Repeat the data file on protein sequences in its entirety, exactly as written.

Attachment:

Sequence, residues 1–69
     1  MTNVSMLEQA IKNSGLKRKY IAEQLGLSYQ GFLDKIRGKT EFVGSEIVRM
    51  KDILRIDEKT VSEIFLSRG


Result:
Sequence, residues 1–69
     1  MTNVSMLEQA IKNSGLKRKY IAEQLGLSYQ GFLDKIRGKT EFVGSEIVRM
    51  KDILRIDEKT VSEIFLSRG